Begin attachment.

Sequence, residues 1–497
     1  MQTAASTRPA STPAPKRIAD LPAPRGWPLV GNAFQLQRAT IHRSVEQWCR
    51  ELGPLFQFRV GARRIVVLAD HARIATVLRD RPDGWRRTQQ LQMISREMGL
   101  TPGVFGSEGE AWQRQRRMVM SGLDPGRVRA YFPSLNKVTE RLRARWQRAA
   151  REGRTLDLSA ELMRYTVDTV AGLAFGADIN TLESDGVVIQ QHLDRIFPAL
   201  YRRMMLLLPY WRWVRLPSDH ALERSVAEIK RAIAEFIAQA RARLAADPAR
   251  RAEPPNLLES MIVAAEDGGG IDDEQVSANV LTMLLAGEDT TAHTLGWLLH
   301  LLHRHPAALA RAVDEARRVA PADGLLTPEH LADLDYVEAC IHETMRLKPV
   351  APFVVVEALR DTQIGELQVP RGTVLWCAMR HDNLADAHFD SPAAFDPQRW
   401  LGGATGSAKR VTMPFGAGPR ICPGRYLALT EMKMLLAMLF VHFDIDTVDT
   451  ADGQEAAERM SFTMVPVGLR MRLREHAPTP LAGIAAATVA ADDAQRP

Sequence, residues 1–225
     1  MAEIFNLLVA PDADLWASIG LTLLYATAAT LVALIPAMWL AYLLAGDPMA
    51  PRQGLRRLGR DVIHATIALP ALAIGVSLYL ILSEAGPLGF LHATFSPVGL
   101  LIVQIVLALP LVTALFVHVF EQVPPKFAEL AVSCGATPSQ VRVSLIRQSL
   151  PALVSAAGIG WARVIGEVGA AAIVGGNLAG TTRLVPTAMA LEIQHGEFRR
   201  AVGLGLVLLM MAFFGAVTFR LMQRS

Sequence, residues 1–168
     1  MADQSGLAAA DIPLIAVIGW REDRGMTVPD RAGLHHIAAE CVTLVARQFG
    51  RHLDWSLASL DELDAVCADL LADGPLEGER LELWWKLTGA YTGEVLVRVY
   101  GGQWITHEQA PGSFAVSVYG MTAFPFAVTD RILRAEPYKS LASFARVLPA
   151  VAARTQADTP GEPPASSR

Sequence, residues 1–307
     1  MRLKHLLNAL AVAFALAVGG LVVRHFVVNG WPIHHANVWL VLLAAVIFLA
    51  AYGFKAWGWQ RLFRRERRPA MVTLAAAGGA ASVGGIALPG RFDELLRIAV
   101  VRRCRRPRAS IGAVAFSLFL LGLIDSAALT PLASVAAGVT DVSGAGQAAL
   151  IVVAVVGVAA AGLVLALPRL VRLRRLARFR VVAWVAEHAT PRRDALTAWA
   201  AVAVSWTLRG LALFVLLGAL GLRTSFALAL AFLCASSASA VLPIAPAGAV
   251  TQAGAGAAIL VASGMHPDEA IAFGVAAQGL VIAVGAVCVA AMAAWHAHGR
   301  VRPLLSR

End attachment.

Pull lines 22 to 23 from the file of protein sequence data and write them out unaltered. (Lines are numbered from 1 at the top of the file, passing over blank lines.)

   151  VAARTQADTP GEPPASSR

Sequence, residues 1–307